Yik Yak storms Staples

Bailey Ethier and Sophia Hampton

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Throughout the school day, students were downloading and using the app Yik Yak, which according to app’s description in the App Store was intended as, “a local bulletin board for your area by showing the most recent posts from other users around you.”

Yet students have been anonymously posting messages targeting other students as well as teachers, despite the app’s “Rules & Info” page stating that it is not to be used to bully or target other “yakers” and, “yakes should not join a herd until they are mature enough, so no one under college age should be on Yik Yak.”

The anonymous posts which have been described as “vulgar” by many students range from racist insults, to sexual comments, to random rumors going around school.

“I can see how some people might be amused by it, but i think that it is easy to be used as an outlet for cyber bullying,” Nathan Francis ’14 said. “It’s something that wasn’t intended for use in a high school. It is inappropriate to be used here.”

Yik Yak, which became available for download from the App Store on Nov. 5, 2013, is designed to prevent users from posting while at middle or high schools as the message, “It looks like you are using this at a high school or middle school which is not allowed. Sending and reading messages is disabled,” appears on the user’s screen when in Staples. However, many have been able to get around the app’s block while at Staples.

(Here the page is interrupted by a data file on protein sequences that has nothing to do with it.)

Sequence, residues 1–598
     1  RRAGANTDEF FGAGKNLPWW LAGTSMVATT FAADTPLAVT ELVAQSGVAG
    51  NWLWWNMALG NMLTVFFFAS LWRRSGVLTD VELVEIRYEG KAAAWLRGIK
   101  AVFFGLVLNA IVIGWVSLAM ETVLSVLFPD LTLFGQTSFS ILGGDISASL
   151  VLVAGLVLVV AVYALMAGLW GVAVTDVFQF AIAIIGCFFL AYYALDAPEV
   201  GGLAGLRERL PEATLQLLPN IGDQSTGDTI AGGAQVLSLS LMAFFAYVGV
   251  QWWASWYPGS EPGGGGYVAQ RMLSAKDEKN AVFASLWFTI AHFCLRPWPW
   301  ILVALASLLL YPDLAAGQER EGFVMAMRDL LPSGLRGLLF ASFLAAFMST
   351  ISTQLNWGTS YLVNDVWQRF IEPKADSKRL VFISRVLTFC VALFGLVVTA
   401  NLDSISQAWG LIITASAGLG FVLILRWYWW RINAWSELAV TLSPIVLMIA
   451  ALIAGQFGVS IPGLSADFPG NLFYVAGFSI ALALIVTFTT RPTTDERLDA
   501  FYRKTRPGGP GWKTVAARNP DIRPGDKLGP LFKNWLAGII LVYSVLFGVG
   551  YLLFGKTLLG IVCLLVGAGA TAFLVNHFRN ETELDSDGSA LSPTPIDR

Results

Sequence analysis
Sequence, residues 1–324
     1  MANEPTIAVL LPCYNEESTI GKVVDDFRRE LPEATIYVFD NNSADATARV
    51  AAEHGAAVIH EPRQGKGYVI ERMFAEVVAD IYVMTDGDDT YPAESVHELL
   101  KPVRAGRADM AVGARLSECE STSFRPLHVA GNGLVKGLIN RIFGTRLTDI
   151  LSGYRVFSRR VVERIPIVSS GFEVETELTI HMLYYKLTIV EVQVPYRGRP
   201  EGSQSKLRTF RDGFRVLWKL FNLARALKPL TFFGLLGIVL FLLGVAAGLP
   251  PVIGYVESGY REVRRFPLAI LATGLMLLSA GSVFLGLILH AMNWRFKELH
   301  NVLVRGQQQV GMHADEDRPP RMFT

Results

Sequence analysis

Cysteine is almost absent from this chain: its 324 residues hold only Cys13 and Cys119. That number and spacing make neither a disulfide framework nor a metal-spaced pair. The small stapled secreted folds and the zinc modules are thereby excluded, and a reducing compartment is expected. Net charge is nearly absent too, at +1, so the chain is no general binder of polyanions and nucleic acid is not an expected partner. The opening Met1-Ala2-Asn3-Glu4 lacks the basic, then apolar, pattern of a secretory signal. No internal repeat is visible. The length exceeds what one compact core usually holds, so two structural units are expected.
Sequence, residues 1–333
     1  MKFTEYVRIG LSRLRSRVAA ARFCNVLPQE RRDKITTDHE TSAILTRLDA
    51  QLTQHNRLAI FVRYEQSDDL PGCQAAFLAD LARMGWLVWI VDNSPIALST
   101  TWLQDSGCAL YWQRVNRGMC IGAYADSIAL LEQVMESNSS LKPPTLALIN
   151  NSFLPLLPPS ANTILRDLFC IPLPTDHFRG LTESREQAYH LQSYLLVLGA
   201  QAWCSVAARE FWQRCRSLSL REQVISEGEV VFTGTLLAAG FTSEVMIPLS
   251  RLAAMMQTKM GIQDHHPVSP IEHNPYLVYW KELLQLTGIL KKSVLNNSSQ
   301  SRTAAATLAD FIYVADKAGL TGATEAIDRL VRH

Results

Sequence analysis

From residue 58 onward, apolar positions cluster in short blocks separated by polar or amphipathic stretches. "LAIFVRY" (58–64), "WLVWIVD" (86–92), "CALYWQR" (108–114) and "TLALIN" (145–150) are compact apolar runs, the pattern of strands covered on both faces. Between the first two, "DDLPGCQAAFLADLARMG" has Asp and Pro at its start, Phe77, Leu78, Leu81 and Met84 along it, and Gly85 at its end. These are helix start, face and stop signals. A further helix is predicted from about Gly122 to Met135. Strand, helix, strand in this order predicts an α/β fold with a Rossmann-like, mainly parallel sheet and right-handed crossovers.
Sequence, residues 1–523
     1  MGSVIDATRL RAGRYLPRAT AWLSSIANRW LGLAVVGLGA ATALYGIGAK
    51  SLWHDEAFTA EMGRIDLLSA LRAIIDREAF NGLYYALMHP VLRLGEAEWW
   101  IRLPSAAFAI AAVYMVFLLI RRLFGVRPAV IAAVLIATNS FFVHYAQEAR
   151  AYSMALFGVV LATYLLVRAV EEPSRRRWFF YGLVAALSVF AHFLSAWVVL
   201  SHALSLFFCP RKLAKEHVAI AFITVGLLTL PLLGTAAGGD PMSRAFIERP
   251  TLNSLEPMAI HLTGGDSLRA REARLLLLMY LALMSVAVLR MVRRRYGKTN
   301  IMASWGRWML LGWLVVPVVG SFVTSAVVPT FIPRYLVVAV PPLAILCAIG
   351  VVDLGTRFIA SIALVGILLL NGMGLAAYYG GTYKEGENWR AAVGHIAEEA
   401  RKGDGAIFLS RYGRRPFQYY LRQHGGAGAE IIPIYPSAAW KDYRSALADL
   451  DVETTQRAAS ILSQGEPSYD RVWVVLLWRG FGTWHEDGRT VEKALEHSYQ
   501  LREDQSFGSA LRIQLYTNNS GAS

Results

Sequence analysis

“I think that’s it’s petty and shallow that people are wasting time writing these mean comments about other people,” Katie Zhou ’14 said.

The entire school could be seen with their heads down scrolling through their Yik Yak feeds throughout the day. Griffin Thrush ’15, who has had a few posts written about him on Yik Yak,  yelled across the library, “You can yak about me all you want [expletive]!” Thrush continued on to say that people had “crossed the line” with many of their posts and that it all “escalated way too quickly.”

Students and teachers were so upset by the app that Dodig sent an email to teachers urging them to ignore the app, and he also made a school-wide announcement.  While many of the postings fall under the category of cyberbullying, Dodig said in his announcement that, “There’s basically nothing I can do about it. Number one it is anonymous – number two, it probably falls under free speech.”

In an interview, Dodig acknowledged that by telling people not to use the app it would be like “whistling in the wind.” However in his announcement he still encouraged students to avoid it. “I urge you, at least not to look on the site. Don’t go on the site,” he said. “I’ve heard about several people today … and they’re in tears. Don’t look at it. If you don’t see it, it won’t bother you.”

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